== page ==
Monday, July 18, 1983

Genius Loci

In the afternoon I went to the library in Easterby and wandered around at a loss. The weather has turned and it was a breezy perfect day.

Dad and I went to Dengates in the evening and collected moss for the amphibians. The marsh field bloomed in all its high summer splendour, a tangle of green nettles intermingled with yellow ragwort and purple thistles that grew three feet high in some places. Dad found a large common toad and two small frogs, but let them all go. I found a newt and, in the long grass under the trees, a number of little frogs that hopped away whenever we approached.

Dengates is idyllic, especially past the gypsy camp where the grass is short and meadow-like. This area is dotted with rocks, and bordered on the lower side by the reedy marsh itself, on the top by the weathered decayed ruins of an ancient stone wall, half-hidden beneath trees and bushes.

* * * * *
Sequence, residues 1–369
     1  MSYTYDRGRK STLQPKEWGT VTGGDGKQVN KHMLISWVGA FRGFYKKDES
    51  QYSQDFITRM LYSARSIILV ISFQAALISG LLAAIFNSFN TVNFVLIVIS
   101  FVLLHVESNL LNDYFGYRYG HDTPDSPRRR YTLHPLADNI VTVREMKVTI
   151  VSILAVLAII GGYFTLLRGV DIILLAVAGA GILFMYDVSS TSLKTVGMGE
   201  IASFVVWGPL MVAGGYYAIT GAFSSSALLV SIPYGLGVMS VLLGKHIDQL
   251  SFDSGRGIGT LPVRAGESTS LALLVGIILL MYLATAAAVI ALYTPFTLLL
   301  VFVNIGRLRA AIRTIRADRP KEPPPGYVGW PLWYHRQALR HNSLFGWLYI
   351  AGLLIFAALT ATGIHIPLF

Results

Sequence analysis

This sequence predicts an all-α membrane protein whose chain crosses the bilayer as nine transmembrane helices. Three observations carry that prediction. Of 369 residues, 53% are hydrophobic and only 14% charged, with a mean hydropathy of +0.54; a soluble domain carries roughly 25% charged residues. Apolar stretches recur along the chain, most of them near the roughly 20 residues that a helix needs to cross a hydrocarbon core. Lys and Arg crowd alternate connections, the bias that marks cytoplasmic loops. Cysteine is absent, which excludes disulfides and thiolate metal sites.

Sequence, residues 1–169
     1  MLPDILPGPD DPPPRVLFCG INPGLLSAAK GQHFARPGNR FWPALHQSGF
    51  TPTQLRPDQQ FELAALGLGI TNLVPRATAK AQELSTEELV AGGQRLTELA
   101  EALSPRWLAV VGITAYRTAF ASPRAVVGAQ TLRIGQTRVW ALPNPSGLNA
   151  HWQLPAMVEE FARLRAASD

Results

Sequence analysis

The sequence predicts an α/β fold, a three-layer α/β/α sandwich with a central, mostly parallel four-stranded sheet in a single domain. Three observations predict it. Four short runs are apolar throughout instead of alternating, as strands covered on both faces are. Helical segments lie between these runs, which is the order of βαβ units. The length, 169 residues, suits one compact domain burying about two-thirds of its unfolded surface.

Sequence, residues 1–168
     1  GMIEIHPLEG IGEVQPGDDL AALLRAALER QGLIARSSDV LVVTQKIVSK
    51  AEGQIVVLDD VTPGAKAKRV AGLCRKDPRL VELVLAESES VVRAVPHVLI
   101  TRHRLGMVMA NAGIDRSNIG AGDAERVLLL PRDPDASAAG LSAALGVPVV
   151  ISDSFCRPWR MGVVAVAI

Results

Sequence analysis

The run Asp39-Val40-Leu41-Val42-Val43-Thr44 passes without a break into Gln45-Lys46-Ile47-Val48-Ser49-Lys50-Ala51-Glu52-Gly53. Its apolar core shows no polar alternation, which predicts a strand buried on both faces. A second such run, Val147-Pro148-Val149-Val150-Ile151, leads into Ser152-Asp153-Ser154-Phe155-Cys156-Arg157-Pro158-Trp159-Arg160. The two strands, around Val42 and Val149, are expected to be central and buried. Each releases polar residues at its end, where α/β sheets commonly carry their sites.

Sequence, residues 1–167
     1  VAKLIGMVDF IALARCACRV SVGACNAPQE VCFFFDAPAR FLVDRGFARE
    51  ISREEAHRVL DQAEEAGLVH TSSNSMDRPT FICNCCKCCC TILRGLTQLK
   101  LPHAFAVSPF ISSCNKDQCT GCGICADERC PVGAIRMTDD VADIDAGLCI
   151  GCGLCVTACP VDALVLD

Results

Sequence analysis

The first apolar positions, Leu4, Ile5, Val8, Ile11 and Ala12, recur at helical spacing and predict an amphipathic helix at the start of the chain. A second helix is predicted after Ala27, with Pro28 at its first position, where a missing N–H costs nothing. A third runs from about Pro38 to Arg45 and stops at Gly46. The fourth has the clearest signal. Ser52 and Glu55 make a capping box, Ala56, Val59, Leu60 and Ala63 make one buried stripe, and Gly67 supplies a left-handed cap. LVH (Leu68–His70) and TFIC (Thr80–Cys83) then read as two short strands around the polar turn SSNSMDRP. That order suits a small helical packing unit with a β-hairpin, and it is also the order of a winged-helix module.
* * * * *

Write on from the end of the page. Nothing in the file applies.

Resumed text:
Dad and I sat amid the pink grass, admiring the view beyond the stone-walls of the fields across towards Keddon and the dark moors brooding on the horizon. In the foreground was a long low red brick factory with twin chimneys at one end, drifting blue grey smoke across the valley. Dad says the area is called Marystown.

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